I haven't been posting much lately as I've been on the road doing some racing. While I was in SF at the Melges 24 Worlds, I had the opportunity to meet the owner of a fairly new Archambault 35. He graciously invited me aboard and gave me the grand tour of his lovely boat, as well as the complete history.
The boat competed in the TransQuadra race, and was then put up for sale in Martinique upon arrival. The current owner flew down with two friends, bought the boat, then sailed it to Florida. It was then trucked across the U.S. to San Francisco and recommissioned.
Unfortunately, during the Richmond YC "Great Pumpkin Regatta", in October 2012, the boat was hit amidships by a Sydney 36 and suffered considerable structural damage. However, after consulting Jim Antrim and the KKMI boat yard, the decision was made to repair the boat, and the insurance company went along with it.
I can tell you, from first hand viewing, that the boat is immaculate. The only way you can tell that any repair work has been done is by the fact that the quality of the repair in several areas is better than the original factory finish in the same area on the other side of the boat.
And as to whether or not the boat's performance was affected, it won its class in the 2013 Rolex St. Francis YC Big Boat Regatta, sailed in typical SF Bay breezy conditions. So it seems that Jim Antrim and KKMI certainly knew what they were doing.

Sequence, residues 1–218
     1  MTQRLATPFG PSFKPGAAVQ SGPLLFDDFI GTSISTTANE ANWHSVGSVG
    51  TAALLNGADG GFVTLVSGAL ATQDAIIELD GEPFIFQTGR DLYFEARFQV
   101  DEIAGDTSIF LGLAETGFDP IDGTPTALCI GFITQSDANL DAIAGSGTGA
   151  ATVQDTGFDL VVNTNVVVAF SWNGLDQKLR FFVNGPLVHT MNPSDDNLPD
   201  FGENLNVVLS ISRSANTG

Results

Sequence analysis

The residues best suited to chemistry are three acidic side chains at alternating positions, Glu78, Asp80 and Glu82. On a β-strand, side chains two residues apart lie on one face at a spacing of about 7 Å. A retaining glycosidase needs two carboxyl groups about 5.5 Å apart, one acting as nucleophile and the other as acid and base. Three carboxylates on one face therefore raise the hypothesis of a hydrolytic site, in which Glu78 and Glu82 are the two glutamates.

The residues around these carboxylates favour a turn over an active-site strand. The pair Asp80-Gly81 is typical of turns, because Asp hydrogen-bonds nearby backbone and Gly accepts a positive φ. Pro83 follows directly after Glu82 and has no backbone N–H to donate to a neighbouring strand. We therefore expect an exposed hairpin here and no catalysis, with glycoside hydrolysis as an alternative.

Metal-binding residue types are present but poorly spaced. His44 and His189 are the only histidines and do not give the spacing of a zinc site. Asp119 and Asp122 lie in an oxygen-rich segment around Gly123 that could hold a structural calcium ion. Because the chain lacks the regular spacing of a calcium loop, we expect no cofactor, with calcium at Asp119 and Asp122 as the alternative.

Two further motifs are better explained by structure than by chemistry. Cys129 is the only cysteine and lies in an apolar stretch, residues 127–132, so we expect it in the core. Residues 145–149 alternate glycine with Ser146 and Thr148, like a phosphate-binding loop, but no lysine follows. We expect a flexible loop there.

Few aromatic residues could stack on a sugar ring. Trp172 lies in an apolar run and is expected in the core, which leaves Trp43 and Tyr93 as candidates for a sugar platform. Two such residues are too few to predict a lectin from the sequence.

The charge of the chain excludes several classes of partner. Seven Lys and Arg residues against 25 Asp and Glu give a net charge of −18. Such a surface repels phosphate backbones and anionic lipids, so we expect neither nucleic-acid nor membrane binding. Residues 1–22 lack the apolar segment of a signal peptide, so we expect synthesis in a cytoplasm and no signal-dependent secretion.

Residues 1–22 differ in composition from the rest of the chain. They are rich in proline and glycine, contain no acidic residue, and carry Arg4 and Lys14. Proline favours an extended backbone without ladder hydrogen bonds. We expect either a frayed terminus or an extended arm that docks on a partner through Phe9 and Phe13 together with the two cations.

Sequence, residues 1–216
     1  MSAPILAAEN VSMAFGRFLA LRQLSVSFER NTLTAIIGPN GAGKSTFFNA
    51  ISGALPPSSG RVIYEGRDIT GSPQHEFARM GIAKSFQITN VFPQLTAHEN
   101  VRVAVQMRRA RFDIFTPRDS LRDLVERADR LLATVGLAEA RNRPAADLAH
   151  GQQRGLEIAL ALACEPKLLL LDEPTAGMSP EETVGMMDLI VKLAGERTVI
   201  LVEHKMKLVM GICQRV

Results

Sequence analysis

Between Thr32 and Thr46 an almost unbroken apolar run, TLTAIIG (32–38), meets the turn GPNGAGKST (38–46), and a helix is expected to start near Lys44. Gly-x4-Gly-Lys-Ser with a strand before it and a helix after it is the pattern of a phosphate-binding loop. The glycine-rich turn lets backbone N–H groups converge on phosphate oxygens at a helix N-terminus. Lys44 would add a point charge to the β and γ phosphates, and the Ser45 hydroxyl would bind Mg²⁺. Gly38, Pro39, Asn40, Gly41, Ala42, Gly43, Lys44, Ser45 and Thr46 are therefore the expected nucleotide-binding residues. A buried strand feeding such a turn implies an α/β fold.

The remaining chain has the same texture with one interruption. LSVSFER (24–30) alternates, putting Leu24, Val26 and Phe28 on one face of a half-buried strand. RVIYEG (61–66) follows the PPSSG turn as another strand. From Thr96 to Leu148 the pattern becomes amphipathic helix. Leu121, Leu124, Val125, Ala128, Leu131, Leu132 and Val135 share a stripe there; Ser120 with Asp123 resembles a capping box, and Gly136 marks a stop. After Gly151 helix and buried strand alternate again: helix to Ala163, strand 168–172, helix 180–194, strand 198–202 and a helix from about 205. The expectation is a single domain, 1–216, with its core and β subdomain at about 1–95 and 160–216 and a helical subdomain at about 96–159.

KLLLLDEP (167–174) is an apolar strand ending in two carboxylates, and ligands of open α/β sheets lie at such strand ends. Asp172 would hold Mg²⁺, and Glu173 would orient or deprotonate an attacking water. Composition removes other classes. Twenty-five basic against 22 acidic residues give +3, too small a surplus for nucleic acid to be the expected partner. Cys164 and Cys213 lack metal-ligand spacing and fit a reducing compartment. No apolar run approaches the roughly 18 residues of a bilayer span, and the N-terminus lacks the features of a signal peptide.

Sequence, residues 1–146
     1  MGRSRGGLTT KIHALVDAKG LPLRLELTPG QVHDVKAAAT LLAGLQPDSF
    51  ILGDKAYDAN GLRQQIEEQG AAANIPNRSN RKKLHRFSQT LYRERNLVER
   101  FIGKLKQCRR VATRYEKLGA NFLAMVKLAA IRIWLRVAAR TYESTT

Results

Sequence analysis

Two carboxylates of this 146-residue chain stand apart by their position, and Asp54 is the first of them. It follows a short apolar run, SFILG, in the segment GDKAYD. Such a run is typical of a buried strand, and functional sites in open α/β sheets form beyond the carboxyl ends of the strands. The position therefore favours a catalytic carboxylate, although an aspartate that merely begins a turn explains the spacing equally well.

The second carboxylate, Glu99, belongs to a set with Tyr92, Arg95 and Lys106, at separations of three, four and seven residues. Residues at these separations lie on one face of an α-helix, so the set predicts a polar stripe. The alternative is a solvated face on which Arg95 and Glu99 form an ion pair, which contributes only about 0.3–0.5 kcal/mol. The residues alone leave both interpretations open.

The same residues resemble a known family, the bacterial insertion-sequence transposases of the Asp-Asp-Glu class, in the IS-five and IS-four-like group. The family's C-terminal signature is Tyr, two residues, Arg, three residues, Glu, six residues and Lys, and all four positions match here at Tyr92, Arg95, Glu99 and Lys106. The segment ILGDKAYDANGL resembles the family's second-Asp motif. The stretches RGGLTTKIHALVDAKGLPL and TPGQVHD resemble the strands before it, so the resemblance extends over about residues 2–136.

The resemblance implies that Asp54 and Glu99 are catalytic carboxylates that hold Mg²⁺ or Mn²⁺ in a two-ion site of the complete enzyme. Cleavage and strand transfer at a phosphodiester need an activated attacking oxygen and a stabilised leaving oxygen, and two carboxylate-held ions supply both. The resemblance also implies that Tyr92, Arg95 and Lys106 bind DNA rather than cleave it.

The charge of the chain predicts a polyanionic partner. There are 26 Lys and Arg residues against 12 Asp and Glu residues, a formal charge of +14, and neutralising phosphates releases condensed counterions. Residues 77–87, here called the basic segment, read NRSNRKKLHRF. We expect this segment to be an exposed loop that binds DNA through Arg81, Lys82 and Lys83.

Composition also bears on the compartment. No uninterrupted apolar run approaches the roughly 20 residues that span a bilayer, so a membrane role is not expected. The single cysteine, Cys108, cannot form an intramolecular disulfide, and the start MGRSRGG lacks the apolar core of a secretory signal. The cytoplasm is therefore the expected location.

Anyway, all that aside, I was totally impressed with the boat's layout and its massive interior volume for a 35-footer. With tiller steering, the cockpit was luxurious, and suited to racing or simply lounging about with a glass of wine (which is what we were doing). It looked to me like it would be quite dry in open water sailing. Down below was equally spacious and filled with light. The absence of a formal bulkhead separating the forepeak from the rest of the cabin accentuated the sense of space, and you would never feel claustrophobic in this boat. Since it featured a symmetrical spinnaker set-up, there was no sprit box intruding the bow (though the owner indicated that he is considering adding a fixed dolphin nose and switching to A-sails for IRC).
The aft cabin, on the port side, is also roomy and well-ventilated. The heads is on the starboard side, which is basically a large storage / work space. Access to most systems can be had there, while overall engine access from both sides and the front (companionway lifts up) is excellent. I figured you could probably re-build the engine without removing it.
According to the owner, the only thing that is less-than-optimal is the galley layout, where Archambault decided to put two coolers, one to either side of the stove. Looking at the pictures of the galley on the updated A35, due in 2014, they've addressed this issue by removing the cooler on the left of the stove and shifting the stove aft alongside the bulkhead. This creates more countertop space and allows for a larger single cooler.
As noted, the finish quality everywhere on the boat was terrific, and you would never guess the boat had raced across the Atlantic, been trucked across the U.S., then spent nearly a year in the boat yard being structurally repaired.
Indeed, a very interesting boat, and on my short-list of potential performance cruisers I'll be taking a look at when the time comes, particularly when the 2014 model hits the water. Also fond of the A31, which would probably be my preferred choice if I didn't want to go offshore beyond the Caribbean.